Increasingly, carriers are implementing kiosk technology for other customer service functions at airports such as bag tag printing, rebooking passengers from cancelled flights, and reporting lost luggage, resulting in significant cost savings. But the trend has bypassed a significant number of passengers with visual and mobility impairments for whom automated airport kiosks remain largely inaccessible. While Part 382 currently requires carriers to provide equivalent service to passengers with disabilities when automated airport kiosks are inaccessible, such service typically involves assistance from carrier personnel in operating the kiosk or permitting a passenger to move to the first class ticket counter line. Many passengers with disabilities consider these solutions inadequate because they do not allow for independent access and call attention to a passenger’s disability. Indeed, advocacy organizations for individuals with visual disabilities have initiated lawsuits against carriers and an airport for failure to provide accessible automated airport kiosks. In addition, the trend in the air travel industry toward self-service and technology-driven service models has continued to grow rapidly since the 2008 final rule was issued.
The Department sought comment on whether automated kiosks operated by carriers in airports or other locations (e.g., for ticketing and dispensing of boarding passes) are sufficiently accessible to people with vision and mobility impairments, whether the final rule should mandate specific accessibility requirements, and if so, what accessibility standards should apply. The Department asked specifically if it should adopt the Section 508 standard for self-contained closed products (36 CFR 1194.25) by reference for electronic kiosks, but did not propose any rule text.
Comments from disability community representatives were universally supportive of requiring automated airport kiosks to be accessible for people with visual and mobility impairments. Some disability commenters urged that accessibility be required for those with hearing, cognitive, and dexterity disabilities. A number of large disability advocacy organizations strongly supported applying the standards in section 707 of the ADA and ABA Accessibility Guidelines of 2004 for automated transaction machines (ATM) and fare machines, as well as the Section 508 requirements for self-contained closed products, to both built-in and freestanding automated airport kiosks.
The public comments did not, however, provide any specific technical or cost information on which to determine the feasibility of imposing accessibility requirements for automated airport kiosks. The Air Transport Association (ATA) opposed including any accessibility requirements for automated airport kiosks in the final rule, asserting that the technology was still maturing and adopting standards at that stage would be inappropriate. In ATA’s view, a kiosk should be considered accessible as long as airline personnel are available to assist passengers with a disability in accomplishing kiosk ticketing and check-in processes. A number of carriers emphasized the cost burden of retrofitting automated airport kiosks for accessibility, including increased airport facilities charges due to expansion of the automated kiosk footprint. IATA cited not only the prohibitive cost of adapting existing automated kiosks, but also the complications arising from shared ownership of automated kiosks by airlines, airport operators, and even government entities at foreign airports and the difficulty of allocating the costs of adapting such kiosks when not all of the kiosk owners must comply with Part 382. Some individual foreign carriers pointed out their inability to control the operation and use of automated airport kiosks through contractual provisions at foreign airports where kiosks are provided by airport operators.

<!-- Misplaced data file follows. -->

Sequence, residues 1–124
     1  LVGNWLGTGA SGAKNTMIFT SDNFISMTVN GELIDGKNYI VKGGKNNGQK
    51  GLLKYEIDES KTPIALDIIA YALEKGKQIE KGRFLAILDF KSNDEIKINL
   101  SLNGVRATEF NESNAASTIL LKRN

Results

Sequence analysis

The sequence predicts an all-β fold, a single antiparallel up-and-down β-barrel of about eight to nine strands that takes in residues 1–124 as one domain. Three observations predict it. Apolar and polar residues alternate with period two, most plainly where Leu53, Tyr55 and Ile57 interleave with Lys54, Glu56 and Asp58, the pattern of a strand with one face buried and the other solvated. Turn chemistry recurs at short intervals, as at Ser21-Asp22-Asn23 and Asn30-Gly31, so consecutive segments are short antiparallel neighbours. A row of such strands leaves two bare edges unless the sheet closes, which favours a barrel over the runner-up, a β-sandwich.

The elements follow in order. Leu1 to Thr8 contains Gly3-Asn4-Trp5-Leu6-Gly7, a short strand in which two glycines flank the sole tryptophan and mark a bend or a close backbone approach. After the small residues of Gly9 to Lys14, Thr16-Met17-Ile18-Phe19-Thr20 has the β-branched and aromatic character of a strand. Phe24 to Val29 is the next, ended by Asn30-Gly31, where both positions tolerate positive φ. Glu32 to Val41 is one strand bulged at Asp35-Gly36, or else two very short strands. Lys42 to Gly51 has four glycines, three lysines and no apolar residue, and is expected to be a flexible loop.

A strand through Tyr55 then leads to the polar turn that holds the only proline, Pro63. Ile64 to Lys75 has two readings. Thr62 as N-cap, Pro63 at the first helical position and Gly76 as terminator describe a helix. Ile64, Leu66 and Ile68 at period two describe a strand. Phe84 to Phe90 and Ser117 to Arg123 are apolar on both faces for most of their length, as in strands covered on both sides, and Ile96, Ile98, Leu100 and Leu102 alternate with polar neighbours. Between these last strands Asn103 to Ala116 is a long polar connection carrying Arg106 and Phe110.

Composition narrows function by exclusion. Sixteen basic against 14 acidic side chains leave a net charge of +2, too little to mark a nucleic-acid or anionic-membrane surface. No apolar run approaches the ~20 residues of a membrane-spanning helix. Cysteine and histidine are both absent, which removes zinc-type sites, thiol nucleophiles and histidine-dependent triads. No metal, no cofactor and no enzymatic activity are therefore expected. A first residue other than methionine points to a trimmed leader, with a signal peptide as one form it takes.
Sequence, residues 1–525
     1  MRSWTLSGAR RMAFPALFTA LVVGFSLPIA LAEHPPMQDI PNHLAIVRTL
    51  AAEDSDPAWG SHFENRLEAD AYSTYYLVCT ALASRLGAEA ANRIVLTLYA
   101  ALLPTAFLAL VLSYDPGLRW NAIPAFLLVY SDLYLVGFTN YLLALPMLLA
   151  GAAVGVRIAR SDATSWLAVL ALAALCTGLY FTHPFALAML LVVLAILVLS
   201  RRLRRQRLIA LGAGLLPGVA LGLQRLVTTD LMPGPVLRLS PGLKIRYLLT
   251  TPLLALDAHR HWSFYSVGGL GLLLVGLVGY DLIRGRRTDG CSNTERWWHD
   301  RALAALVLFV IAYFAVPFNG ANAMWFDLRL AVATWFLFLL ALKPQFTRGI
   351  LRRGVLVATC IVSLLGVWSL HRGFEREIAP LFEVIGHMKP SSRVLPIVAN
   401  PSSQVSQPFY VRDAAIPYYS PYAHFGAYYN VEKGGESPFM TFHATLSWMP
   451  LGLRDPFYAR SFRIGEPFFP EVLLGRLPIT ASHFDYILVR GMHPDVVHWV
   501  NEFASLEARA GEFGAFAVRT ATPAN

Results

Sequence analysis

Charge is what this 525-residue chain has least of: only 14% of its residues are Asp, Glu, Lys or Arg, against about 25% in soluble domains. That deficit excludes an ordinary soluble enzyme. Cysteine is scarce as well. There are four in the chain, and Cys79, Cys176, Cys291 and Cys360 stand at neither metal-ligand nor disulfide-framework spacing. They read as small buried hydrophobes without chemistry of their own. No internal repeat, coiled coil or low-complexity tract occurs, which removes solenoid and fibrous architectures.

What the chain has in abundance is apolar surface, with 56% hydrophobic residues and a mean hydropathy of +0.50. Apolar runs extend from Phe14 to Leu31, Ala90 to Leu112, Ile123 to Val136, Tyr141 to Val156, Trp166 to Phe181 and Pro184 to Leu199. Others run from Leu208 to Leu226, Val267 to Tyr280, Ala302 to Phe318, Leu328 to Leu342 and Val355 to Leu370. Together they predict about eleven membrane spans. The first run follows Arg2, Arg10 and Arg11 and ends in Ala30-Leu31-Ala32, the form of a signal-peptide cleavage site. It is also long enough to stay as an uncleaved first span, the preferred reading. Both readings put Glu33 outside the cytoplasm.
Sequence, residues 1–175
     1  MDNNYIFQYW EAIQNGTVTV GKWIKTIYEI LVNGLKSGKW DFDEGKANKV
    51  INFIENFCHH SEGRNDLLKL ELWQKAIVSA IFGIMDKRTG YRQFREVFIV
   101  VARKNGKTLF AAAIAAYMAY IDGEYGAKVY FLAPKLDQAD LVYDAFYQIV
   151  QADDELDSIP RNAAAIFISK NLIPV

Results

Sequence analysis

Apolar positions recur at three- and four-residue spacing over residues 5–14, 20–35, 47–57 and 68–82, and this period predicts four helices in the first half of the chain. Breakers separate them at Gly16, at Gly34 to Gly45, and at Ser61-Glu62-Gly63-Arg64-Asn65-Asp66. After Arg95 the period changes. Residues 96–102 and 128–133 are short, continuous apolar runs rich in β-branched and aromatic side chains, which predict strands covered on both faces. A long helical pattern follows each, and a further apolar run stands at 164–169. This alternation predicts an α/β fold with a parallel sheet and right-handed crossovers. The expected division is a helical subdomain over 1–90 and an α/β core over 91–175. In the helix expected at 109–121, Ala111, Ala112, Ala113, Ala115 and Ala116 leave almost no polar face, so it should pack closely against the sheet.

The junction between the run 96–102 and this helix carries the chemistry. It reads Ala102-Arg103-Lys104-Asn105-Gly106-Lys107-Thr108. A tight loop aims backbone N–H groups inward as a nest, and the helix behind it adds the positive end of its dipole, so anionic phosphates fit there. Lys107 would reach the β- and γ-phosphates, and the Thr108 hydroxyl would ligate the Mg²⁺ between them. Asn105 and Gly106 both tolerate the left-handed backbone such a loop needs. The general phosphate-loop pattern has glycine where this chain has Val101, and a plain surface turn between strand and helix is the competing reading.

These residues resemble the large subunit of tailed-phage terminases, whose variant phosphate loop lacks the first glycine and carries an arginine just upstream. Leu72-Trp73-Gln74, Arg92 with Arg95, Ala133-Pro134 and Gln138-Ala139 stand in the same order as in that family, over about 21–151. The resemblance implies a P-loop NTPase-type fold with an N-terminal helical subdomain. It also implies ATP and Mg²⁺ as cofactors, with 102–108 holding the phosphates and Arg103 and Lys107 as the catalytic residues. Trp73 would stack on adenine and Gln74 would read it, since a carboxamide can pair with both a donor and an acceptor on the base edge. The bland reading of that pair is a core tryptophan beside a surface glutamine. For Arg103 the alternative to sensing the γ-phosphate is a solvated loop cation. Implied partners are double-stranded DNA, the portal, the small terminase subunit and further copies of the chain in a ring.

We determined that we did not have sufficient information to accurately estimate the cost and technical impact of imposing accessibility standards on automated airport kiosks and concluded that new requirements for kiosk accessibility were not appropriate at that time. As an interim measure, we did require carriers whose automated airport kiosks are not accessible to provide equivalent service to passengers with disabilities who cannot use the kiosks and announced our intention to seek further comment about kiosk accessibility in an SNPRM.
The Department believes that accessibility for people with disabilities cannot be viewed as a dispensable design feature. Increasingly, the business community also is recognizing the importance of accessibility as a baseline technology design factor to support expansion of customer bases and market shares. IBM, a leading manufacturer of kiosks and other self-service applications, has developed an automated airport kiosk equipped with an industry standard audio connector, accessible hardware controls, and text-to-speech output. The model was tested by dozens of people with vision and mobility impairments who were able to complete the check-in process with an unprecedented level of independence. In this SNPRM, we propose to amend section 382.57 to require U.S. and foreign air carriers at every U.S. airport with 10,000 or more enplanements per year where they own, lease, or control automated kiosks providing flight-related services to their customers (e.g., ticket purchase, seat selection, issuance of boarding passes, bag tags, etc.) to ensure that all new kiosk orders initiated 60 days after the rule’s effective date are for accessible units. This means that carriers would be required to ensure that all new automated kiosk orders initiated 60 days after the effective date of the final rule, including those to be installed at new locations and those replacing existing automated kiosks taken out of service in the normal course of operations (e.g. due to end of life cycle, a general equipment upgrade, a terminal renovation, etc.), are for models that meet the technical accessibility criteria set forth in this proposal.